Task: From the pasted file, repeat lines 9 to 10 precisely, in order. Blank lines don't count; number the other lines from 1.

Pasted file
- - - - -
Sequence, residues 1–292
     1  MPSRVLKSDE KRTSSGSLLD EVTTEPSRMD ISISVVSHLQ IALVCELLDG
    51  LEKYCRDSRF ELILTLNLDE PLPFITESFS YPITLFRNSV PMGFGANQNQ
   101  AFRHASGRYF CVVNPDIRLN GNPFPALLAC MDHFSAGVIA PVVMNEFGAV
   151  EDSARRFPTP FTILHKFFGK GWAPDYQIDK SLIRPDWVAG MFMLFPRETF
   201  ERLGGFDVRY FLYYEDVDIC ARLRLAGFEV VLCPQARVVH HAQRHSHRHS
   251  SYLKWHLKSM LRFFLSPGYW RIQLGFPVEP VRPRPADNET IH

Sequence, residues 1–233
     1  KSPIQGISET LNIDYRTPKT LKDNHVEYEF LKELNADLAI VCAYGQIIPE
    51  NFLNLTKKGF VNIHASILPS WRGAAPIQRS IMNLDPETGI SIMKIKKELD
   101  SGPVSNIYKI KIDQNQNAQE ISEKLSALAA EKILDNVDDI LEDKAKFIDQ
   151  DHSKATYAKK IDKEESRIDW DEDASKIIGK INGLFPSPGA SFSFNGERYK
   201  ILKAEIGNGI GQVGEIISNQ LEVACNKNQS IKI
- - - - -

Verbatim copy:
     1  KSPIQGISET LNIDYRTPKT LKDNHVEYEF LKELNADLAI VCAYGQIIPE
    51  NFLNLTKKGF VNIHASILPS WRGAAPIQRS IMNLDPETGI SIMKIKKELD